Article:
Switch Accessories You Should Actually Buy
I’ve seen a bunch of “ten must-buy Switch accessories” articles floating around. “Must buy” being a pet peeve of mine, I wanted to put together a list of products you should actually consider.
To start off, I’ll say that Nintendo actually packs everything you really need in the box. Buy the Switch and a game and you’re set. You’ve got a set of controllers, the dock, and cables. That said…
I don’t recommend buying physical media these days. I bought Zelda on a GameCard because it’s a large download, but I don’t plan to ever buy another physical game for the system. Zelda’s card will just stay in the system and never come out. If you are going to buy your games on GameCards, you don’t need to buy an SD card right away. If you intend to download them, you’ll want an SD card because the Switch doesn’t have much onboard storage.
Here is The Wirecutter’s review of microSD cards. It likes a Samsung card but as a rule I don’t buy that company’s products. I bought a 200 GB version of the SanDisk card mentioned in the review.
How big a card should you get? I think at least 128 GB, and shoot for 256 if you can swing it. The Switch will take up to 2 TB. Over the few years I had a Wii U I wound up with something like 50 GB of downloads games and files. Expect Switch games to be bigger and for it to last longer. One note: you can delete games and download them later. Your save data is stored on the console’s onboard memory. Hopefully Nintendo will add online backups as well.
I have Nintendo’s own carrying case and I like it, but it’s not perfect for every purpose. (Also supply seems scarce.) It’s perfect if I want to carry just the console and its attached Joy-Cons with me, which is what I want most of the time. It has a flip-up stand that’s great for playing in tabletop mode, as the built-in kickstand is only suitable for very stable, level tables.
As I said, most of the time I’m taking with me only the Switch and its Joy-Cons, so this case does fine. It has a small mesh pocket, but putting even just the Joy-Con straps in the pocket makes the case bulge out. Forget about including a cable and USB plug or a second set of Joy-Cons. My general feeling is that I want the Switch to be in a case to keep it a bit protected from dings as I move it around, but in general if I’m going anywhere it’ll be inside my backpack, and I can put headphones, cables, extra controllers, etc. in that.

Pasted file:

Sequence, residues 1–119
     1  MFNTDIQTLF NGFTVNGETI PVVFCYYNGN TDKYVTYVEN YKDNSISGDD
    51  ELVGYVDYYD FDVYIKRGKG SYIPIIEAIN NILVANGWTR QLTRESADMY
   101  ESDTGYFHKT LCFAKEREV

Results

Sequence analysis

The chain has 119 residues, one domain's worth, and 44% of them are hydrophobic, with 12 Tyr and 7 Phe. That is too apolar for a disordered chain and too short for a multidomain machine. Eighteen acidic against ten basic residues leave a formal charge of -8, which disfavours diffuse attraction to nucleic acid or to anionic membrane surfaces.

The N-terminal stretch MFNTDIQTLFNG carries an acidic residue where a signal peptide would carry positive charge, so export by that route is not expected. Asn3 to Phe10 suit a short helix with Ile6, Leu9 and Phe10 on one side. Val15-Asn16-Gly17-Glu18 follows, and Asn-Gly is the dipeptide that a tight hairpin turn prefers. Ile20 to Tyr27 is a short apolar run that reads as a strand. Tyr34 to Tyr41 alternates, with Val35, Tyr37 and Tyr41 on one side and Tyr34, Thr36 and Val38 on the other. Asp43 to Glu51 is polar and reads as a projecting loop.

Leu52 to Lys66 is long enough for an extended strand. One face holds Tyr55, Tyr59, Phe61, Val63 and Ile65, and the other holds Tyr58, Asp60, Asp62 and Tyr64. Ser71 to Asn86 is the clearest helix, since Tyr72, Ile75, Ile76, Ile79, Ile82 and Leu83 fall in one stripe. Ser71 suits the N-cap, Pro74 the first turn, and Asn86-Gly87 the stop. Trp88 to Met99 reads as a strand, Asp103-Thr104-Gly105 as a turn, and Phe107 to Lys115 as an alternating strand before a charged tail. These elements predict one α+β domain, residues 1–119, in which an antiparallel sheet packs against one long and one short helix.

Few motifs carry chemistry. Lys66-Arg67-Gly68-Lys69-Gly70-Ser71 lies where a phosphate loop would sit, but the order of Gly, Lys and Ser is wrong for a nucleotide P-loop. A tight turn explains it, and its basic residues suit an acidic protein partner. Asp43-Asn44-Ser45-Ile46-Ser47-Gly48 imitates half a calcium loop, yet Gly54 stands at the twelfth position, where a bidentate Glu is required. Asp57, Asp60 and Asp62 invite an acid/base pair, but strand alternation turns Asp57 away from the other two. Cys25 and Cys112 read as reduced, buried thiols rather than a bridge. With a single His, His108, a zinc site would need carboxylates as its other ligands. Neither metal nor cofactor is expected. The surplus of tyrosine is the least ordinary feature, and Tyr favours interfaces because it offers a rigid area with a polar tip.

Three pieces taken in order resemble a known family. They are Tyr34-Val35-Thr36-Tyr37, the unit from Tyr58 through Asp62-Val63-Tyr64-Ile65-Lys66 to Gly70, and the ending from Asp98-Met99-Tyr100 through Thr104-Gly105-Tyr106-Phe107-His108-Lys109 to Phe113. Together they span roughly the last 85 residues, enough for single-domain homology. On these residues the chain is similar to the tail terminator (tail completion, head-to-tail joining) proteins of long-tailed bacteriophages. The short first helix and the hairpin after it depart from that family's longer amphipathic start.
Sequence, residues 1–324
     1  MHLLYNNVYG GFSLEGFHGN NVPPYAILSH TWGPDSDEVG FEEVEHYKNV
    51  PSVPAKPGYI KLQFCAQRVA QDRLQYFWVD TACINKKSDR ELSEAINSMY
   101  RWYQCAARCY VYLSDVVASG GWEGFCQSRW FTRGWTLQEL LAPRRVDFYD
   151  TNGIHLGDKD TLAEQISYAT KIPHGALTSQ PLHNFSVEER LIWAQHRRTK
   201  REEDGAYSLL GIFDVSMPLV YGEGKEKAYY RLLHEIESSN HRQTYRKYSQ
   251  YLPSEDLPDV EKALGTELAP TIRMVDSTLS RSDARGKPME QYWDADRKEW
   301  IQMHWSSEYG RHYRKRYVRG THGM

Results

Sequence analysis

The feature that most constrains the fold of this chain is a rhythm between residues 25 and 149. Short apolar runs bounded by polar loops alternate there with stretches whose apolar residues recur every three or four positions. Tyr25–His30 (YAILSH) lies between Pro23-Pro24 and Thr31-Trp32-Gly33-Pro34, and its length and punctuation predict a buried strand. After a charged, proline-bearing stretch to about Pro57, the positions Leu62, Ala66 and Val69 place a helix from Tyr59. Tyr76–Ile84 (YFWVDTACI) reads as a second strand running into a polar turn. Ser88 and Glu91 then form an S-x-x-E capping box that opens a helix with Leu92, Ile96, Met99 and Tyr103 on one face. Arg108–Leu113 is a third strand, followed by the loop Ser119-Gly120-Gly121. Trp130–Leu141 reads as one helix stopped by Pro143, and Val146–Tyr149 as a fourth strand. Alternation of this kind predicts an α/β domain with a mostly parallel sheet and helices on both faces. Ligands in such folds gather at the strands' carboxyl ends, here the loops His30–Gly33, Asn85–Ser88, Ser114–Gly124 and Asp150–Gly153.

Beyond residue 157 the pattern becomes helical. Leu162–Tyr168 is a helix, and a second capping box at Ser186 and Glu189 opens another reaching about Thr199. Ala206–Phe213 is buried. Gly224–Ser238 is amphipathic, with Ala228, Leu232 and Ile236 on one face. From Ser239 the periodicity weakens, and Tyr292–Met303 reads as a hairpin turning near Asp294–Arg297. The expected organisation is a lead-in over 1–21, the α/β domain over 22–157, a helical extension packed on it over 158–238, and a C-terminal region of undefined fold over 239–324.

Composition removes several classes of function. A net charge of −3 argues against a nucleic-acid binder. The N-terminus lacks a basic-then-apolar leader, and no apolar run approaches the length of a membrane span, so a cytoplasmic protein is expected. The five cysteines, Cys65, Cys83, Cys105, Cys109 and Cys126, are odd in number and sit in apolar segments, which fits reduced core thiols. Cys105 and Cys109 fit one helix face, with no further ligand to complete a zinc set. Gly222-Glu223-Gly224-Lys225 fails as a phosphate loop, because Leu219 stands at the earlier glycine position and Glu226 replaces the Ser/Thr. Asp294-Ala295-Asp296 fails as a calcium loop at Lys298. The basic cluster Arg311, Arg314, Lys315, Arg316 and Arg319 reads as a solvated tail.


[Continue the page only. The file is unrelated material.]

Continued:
I haven’t tried out other cases, but I’m interested in Waterfield Designs’s offerings. I’d check them out if the Nintendo case doesn’t seem like what you need. I have their iPad sleeve and like it a lot.
I don’t use the screen protector included with the case. I’m fairly good about not scratching up my stuff but also not that precious about scratches if they happen. I could get a huge gash across the screen of course but I don’t like how screen protectors feel to the touch.
You might not need to get any extra controllers. I find the Joy-Cons to be very nice to use. That said, the Pro Controller is very, very nice, and has incredible battery life. I think I’ve charged it twice, maybe three times, in the months I’ve owned it.
You might consider getting a second set of Joy-Cons instead of a Pro Controller. A pair is only $10 more than a Pro Controller, and for games that support single Joy-Con play, like Mario Kart 8, you’ll be able to have four people playing.
I see no reason to get the Charging Grip even if you do get a second set of Joy-Cons. They rarely need charging because they get power whenever they’re plugged into the Switch.
Charger and Cables
The larger 12 W USB plugs that come with iPads will charge the Switch. The small 5 W ones that come with iPhones will not. If you don’t want to have to swap cords constantly on vacation, the four-port Anker chargers that The Wirecutter recommends it work well.
I also have one of Anker’s USB-C-to-A cords. The Switch does come with a cable but you don’t really want to be yanking that every time you travel, do you?